I really don’t like seeing anybody on any xPAP fail. Yes I know the reality is there’s a select few that were diagnosed with apnea and no xPAP of any variety can help. It’s very rare and your undiagnosed AHI would have been very low anyway.
Diagnosed with severe sleep apnea in 2017, after learning I have an early developing ascending aortic aneurysm. Using a dream station with humidifier, and nasal pillows (skin on nose could not handle mask). Just retired and considering travel. Looking for advice on travel CPAP units.
Sleep is heaven! I didn’t sleep for about 50 years… So after 2 years of CPAP, I finally feel rested and have energy. I can trace a very interesting path throughout my life… All connected in some way to my sleep apnea.
I have been an RN for 39 years, 16 of those years working nights. I saw patients struggling with their CPAPs, as well as others who were committed to using them. And I saw still others with either diagnosed or undiagnosed apnea, who refused to even discuss it.
I have now educated my own physician to not write it off when that young 30-something mother complains of being tired all the time. Don’t assume it’s because she has young children or is depressed. Get a sleep study!
Everything about me does NOT fit the expected pattern for sleep apnea. I’m female, active, normal weight and petite.
And after nearly 20 years of taking Ambien, Xanax and Adderall to half function… I’ve been off ALL of these for over a year. And never felt better.
I’m thankful I at least understood that while I got poor sleep for decades, I protected that sleep viciously. I’m sure that’s the biggest reason I’ve escaped high blood pressure, diabetes, and other scary things.
Starting CPAP therapy is not a walk in the park. It takes hard work and commitment. Trial and error. I probably tried at least 50 masks before I built a collection of 2 or 3 that would work well for me. The online suppliers who offer a 30-day return are the best.
Don’t give up. Your life depends on it.
What brings you to our community?
To share my story so others may learn from my experience, and to read the stories of others so that I might also learn from their experiences.
Tell us about your current sleep
I was first diagnosed with moderate-severe obstructive sleep apnea back in 1997 at 25 years of age, 5’9", and 168lbs. However, I could not be compliant with CPAP and moved on to other types of treatment: dental appliance, 2 surgeries, and almost everything in between… to include nasal sprays, decongestants, supplements, nasal devices.
Around 2010 I started to gain weight even though I was still going to the gym quite regularly (3 or more times a week). I tried tweaking my diet, but I wasn’t seeing the results most people talk about when cutting back on sugar and refined carbs. In 2012 I became Type 2 Diabetic and was past 200lbs. By 2015 I was between 230-245lbs and started to hear about how poor sleep can get in the way of one’s ability to lose weight. This seemed to coincide with my own experience. So I decided to give CPAP another try. But after 3 mask types, I was still taking the mask of in my sleep and gave up. Since I had already paid for the machine, I kept it and just didn’t use it. My primary care physician got me a Rx for Armodafinil (Nuvigil) to help me stay alert during the day… but it was not a perfect solution.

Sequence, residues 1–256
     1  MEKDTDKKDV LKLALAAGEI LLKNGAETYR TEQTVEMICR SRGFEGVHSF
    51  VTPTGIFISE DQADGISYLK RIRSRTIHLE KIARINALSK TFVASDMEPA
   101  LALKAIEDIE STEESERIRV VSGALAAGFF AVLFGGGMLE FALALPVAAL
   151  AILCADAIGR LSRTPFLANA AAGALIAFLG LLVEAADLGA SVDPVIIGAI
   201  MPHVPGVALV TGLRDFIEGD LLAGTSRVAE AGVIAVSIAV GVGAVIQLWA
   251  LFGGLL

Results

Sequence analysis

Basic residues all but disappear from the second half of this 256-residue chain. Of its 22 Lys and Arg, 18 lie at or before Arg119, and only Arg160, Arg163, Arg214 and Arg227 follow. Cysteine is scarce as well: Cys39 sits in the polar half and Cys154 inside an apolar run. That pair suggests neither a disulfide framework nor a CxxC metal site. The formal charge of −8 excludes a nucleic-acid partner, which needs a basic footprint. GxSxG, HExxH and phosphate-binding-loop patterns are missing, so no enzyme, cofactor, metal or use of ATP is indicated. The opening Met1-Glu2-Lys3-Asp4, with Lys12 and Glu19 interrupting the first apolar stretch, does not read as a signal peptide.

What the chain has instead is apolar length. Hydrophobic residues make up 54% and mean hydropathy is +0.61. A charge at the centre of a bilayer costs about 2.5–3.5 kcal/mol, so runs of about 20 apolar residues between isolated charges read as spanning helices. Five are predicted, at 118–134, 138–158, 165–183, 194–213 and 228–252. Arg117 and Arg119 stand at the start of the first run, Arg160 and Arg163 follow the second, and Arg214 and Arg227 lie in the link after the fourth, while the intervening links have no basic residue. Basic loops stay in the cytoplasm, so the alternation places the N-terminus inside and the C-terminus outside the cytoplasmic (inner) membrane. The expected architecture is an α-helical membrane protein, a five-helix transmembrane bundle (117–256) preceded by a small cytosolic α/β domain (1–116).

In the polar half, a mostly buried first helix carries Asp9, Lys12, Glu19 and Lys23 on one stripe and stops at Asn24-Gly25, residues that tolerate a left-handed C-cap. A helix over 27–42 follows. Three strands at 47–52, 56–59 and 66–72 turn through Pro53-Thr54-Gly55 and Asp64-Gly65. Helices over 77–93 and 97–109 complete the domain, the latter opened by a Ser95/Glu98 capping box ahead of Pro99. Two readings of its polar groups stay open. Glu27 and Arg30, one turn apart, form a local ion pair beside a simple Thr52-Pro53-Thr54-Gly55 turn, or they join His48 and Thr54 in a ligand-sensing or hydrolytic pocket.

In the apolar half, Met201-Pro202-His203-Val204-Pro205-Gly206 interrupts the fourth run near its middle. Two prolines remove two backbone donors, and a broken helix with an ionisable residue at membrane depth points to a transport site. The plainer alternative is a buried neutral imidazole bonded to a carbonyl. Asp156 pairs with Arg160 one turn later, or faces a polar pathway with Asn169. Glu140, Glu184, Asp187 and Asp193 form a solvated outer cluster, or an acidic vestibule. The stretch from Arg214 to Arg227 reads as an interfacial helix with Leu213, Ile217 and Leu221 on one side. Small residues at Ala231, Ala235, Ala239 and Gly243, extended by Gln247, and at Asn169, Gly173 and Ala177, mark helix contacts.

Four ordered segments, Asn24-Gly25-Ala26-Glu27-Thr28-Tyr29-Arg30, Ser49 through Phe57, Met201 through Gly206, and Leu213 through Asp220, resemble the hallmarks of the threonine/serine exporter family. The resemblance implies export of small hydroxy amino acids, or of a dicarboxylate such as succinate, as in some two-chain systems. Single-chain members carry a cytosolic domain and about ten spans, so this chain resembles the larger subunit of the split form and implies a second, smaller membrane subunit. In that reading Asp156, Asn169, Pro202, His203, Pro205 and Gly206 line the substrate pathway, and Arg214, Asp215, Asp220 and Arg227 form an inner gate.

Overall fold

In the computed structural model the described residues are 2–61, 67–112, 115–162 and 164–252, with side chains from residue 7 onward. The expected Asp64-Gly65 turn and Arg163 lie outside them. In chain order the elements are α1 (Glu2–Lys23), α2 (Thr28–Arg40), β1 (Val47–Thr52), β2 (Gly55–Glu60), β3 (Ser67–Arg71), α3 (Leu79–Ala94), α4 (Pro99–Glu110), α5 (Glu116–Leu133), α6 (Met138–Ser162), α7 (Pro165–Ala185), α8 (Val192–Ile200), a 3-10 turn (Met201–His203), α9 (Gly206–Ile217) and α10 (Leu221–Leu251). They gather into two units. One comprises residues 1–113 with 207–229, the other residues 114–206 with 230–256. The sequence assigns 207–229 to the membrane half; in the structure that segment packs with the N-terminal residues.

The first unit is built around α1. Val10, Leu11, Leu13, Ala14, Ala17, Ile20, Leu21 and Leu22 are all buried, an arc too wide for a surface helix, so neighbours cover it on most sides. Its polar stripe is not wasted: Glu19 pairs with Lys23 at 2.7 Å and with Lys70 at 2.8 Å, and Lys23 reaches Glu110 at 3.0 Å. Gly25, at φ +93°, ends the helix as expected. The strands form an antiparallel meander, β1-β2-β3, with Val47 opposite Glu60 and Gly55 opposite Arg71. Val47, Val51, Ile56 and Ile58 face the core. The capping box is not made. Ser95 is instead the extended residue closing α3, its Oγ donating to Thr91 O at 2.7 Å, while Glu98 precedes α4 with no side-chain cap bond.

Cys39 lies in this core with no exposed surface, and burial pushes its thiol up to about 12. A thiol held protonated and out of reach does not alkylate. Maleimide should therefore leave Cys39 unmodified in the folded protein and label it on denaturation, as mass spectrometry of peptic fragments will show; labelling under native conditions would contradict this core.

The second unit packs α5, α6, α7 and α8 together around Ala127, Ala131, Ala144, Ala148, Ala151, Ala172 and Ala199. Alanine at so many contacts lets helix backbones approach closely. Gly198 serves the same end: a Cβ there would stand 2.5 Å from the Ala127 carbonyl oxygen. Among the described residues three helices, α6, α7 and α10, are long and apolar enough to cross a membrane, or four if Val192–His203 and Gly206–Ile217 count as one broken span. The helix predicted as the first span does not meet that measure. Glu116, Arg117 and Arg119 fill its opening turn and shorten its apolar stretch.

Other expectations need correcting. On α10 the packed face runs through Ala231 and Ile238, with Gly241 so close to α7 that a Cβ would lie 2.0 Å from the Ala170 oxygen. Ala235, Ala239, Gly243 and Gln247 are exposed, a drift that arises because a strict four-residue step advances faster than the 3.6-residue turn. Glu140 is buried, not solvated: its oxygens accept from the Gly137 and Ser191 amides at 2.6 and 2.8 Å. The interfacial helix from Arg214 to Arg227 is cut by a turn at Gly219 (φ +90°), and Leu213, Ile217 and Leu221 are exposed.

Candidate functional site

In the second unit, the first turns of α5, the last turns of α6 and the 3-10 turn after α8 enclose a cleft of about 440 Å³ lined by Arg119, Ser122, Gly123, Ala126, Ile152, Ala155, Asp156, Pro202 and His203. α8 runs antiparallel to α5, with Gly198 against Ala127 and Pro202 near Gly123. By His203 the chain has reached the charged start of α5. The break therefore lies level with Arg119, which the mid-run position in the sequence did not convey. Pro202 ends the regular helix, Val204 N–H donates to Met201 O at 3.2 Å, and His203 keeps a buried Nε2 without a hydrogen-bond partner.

By 2018, I was starting to slide out of bed and waking up on my hardwood floor. I would do this 2-5 times during the night until I would give up around 4:30 AM - 6:00 AM. Many times I would sit up on the edge of my bed, only to fall asleep and crash into my nightstand.
Then I started to sleepwalk… which led to falling down. Often I would catch myself, but sometimes I hit the floor. Twice I fell straight down and landed on my tailbone. Then finally one night I fell backwards in my bathroom and came within inches of hitting the back of my head. Had that happened, it might’ve been a few days before someone found me because I live by myself.
I went back to my doctor and said something had to change. I was also fighting drowsiness while driving, and I had my first accident in years (2017, age 45) when vacationing in Hawaii for the first time while driving a rental car. I was very lucky that I was not injured and that I was the only one on the road, so nobody else was involved.
We decided to try another sleep medicine doctor and at first I was going to try to qualify for InspireSleep. However, I needed to do a baseline sleep study and another one with a CPAP machine to prove I could still not be compliant. No problem; I was happy to do whatever it took because I really thought I was going to die.
My first sleep study told me that it was my sleep apnea causing the night time activities and not the Armodafinil. My AHI was over 100 and my oxygen saturation was down to 57%. The next week I went back for the CPAP sleep study and slept through the night for the first time in years! That was weird and very unexpected. So I was told to take home the mask and hose and try the CPAP again to see how it goes for a week. I waited for the weekend, very disappointed that I’m having to face this damn machine again. That weekend, the first thing I noticed was that the hose was very different from the hose I was giving back in 2015. Come to find out, the hose I have now is a ClimateLineAir which I was told later will help the machine better regulate the temperature and the humidity of the air flowing through the hose.